U.S. ARMY Special Forces Watch Online Review - Casio Frogman
Special Forces Wrist Watches
Are you are looking for a Special Forces Watch or a military grade watch? Not sure what watch the special forces use? You need to take a good look at these great Special Forces Watches For Men.
Imagine that you and your team have been dropped off behind enemy lines and all that you have to work with is what you are wearing and the few things you can carry.
Your mission is to take out the head of a local terrorist group in your AOR (area of operation). Military Intelligence informs you that this murderous dog will be at a specific location at a specified time.
You only get one chance to neutralize this terrorist king pin. Time is of the essence. It is up to you and your team to be where you need to be, at the exact time you need to be there, and to do what you do best.
You only have one problem, your piece of crap bubble gum fashion watch just stopped working. This is not the time or place to suffer from equipment failure.
Sure, it was a cool looking watch. But this is war. It is a situation of kill or be killed. Not a fashion show.
You should have had the best military watch in the world on you. Not a bubble gum machine trinket. Only the top special operations watches should go into combat.
You wouldn't use a B-B Gun to attack a battleship. Do not take a three dollar fashion show trinket to the battlefield.
It's simple... Match the the gear and equipment to the mission.
Fortunately for you, your team members can pick up your slack. But you, my friend, have let them down by being so ill prepared. Now they have to carry some of your weight and keep you up to snuff on the time.
In a combat situation, your life could depend on something as trivial as a watch. Shouldn't you have the best Special Forces watch you can afford? Don't you want a tactical watch that you can depend on come hell or high water? Combat ain't a fashion show, so don't go prepared as if it is.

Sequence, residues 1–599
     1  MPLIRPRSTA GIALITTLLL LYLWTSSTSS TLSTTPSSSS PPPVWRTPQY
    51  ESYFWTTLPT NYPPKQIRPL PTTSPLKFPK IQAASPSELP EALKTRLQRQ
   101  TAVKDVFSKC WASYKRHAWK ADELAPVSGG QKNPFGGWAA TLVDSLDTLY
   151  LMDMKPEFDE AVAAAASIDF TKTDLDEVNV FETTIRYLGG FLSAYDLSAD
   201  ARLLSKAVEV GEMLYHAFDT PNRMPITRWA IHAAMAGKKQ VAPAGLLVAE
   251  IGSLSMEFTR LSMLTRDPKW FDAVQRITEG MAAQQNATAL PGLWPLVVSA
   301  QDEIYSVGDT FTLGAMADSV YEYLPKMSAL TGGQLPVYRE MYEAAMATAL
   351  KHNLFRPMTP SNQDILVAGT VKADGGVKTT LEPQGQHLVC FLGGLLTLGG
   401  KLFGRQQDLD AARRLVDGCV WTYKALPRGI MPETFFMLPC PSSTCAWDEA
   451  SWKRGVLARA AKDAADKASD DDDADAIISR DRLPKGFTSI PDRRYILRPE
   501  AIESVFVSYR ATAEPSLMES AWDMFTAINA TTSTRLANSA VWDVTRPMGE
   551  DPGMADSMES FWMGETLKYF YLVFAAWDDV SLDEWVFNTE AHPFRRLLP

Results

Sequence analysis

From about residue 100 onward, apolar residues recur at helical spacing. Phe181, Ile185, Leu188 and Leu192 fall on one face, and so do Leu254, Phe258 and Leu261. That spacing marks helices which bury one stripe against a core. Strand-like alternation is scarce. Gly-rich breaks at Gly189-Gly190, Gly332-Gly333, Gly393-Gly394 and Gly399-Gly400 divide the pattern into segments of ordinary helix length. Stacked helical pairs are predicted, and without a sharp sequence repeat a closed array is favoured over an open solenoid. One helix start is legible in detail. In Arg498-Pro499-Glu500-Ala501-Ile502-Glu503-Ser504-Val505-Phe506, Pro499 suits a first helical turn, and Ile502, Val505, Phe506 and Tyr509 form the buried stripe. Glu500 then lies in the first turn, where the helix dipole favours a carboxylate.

There are some who've forgotten why we have a military. It's not to promote war, it's to be prepared for peace.
~ President Ronald Reagan.
Selecting a proper military watch is not a difficult task. Let's take a few moments and do just that.
What watches do the Special Forces wear? Well, let me first ask you, if your life depended on it, what watch would you wear?
No. That is not a rhetorical question. And I am not blowing smoke up your tail pipe when I tell you this... If you are a member of the Green Berets, Rangers, Pathfinders, or Navy Seals, your life, as well as the lives of your team, could very well depend on the watch you choose to wear.
I can not emphasize to you enough the value of having the proper tactical watch when you are in a combat zone. Should you get deployed to the theater of war, you must know that any mission could be your last.
The Special Forces gear you have on you, from your weapon down to your boot laces, could be the one thing to save your life on any given day.
I recommend that you find the best U.S. Military Special Operations Watches you can muster, and for the sake of you and your team, get one. .
Time Waites for No Man
I remember my first military watch just like Forest Gump remembers his first pair of shoes. "Mama says they was magic shoes".
It was nothing like the Casio G-shock Frogman Multiband 6 watch you see here. This is probably the best spec ops watch you will ever find.
I am embarrassed to admit that mine was a cheap little OD green wind-up Timex that I purchased at the PX (Post Exchange) in Ft. Jackson S.C. during my first week of basic training.
That little plastic piece of junk was a special watch to me but it was not designed to be one of the great tactical watches of the world. It did turn out to be worth it's weight in gold by the time it gave up the ghost. For as cheap as it was, it made it through basic training, AIT, and Jump School, where it served as a pocket watch because you are not allowed to wear a watch when jumping.